Jamali: Why did it seem like the right time to do an analysis like this, looking across the globe and understanding how different countries are using data from their citizens?

Diebold: So the G7 is led by Japan right now. And they have something called Data Free Flow With Trust. So a lot of people in the tech policy world are kind of thinking about, you know, the importance of data and data flows as a whole. And a lot of countries are enacting different things called data localization policies, you know, that kind of restrict the storage of data to an individual country. There’s been a trend of countries sort of thinking about this. And then other Western countries are sort of supporting the free flow of data. And at the same time, no one is necessarily taking a look at kind of all the different options. And then I would also say, just from my policy perspective, you know, people in U.S. Congress are pretty interested in learning from these other cases. And so this report is also kind of just meant to lay out the menu of other things that could be done and should be done, frankly, beyond just privacy. Because if there’s not, theoretically, the political will to do privacy legislation right now, there’s still other really important things that can be done in this data policy space.

Jamali: Well, it’s worth noting that you didn’t include the U.S. in your report because you say it lacks “a clear and consistent national approach to key data policy issues,” data protection topping that list of issues. Talk to me about how the U.S. is a little bit of an outlier in terms of coming up with a coherent policy here.

Diebold: Yeah, it’s really interesting. You know, we have a lot of conflicting policies a lot of the time. You know, we don’t have one comprehensive national privacy law, we instead have this sort of patchwork of states taking sort of conflicting approaches, which makes it a little bit difficult for businesses to operate and kind of be in compliance with that. And then another thing is that we do have certain so-called comprehensive strategies. There is something called the Federal Data Strategy that does exist. But then there hasn’t really been any work, and most people in the policy world, they’re just kind of waiting here for an update. We are kind of, in some ways, despite being one of the most developed nations on Earth, we really are at kind of a blank slate for data policy as a whole. And in a lot of ways even we’re kind of jumping ahead and kind of worrying about leadership on [artificial intelligence] and AI policy. And that’s really important as well, obviously. But, you know, data is the fundamental, and so we’re still kind of even lacking that. The U.S. has a lot to learn from these other countries and the policies that they’ve put forth, and hopefully, you know, eventually we can adopt some of them.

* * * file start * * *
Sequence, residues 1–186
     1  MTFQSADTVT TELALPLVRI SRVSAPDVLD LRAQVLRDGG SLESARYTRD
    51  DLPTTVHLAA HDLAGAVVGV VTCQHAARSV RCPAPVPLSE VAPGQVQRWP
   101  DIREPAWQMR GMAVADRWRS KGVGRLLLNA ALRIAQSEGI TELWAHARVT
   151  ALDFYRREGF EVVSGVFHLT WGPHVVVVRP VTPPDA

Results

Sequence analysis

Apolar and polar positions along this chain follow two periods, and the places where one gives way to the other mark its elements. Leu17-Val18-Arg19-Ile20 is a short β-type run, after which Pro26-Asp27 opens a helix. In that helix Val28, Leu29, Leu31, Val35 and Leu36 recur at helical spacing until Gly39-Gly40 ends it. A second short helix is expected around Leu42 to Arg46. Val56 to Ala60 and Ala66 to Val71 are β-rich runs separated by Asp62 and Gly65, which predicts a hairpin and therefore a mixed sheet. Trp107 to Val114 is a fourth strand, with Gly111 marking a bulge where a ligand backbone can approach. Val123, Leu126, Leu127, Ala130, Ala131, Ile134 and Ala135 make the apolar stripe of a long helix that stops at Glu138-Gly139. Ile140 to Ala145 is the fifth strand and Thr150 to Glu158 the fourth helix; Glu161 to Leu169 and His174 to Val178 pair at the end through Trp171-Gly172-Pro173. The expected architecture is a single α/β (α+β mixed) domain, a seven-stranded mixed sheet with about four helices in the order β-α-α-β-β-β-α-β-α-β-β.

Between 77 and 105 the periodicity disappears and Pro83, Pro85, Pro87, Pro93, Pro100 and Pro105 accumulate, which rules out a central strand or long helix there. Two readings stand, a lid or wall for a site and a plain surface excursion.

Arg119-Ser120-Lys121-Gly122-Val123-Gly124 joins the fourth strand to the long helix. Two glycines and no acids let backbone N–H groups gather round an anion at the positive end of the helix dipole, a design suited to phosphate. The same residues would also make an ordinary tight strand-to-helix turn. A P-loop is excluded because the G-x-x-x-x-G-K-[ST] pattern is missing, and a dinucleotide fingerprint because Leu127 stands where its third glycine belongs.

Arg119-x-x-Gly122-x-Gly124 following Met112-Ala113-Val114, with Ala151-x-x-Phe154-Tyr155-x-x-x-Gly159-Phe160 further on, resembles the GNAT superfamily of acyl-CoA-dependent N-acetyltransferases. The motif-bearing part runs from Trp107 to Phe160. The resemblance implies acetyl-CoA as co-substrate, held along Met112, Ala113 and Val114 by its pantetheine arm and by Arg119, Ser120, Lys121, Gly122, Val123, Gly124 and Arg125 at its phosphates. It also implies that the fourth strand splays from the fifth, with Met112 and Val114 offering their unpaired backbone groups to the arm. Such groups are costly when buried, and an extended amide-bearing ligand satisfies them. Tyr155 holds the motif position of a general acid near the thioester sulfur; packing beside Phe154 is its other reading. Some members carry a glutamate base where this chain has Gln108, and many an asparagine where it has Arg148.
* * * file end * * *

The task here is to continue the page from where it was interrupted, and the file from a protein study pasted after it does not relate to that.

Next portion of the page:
Jamali: And so maybe that’s a good note to end on. I mean, what do you think about how U.S. data policy should be shaped based on what you’ve learned?

Diebold: Yeah, I mean, I think what’s really important is to kind of try and take that two-lane approach, you know. You don’t want to only focus all your energy on privacy, especially because we kind of seem to be hitting a wall. And while again, I think it’s pretty universal at this point [that] we need comprehensive privacy legislation, we should also be working on, you know, strategies for data sharing, data flows across borders. But I think if we get bogged down in privacy, you know, we’re not leading on that, and we can’t because other countries already have the privacy legislation. So I think it would be more fruitful, frankly, to focus our efforts on these other types of policies.

More on this

You can read more of Diebold’s analysis here.

While there’s a noticeable absence of a federal consumer data strategy in the U.S., states have been crafting and passing their own data laws. They’ve mostly been focused on protecting consumer privacy.

The International Association of Privacy Professionals has a tracker of states that have passed, or proposed, data privacy legislation and when those laws take effect.

So far, 12 states have legislation specifically on consumer privacy, but most states have no such law on the books.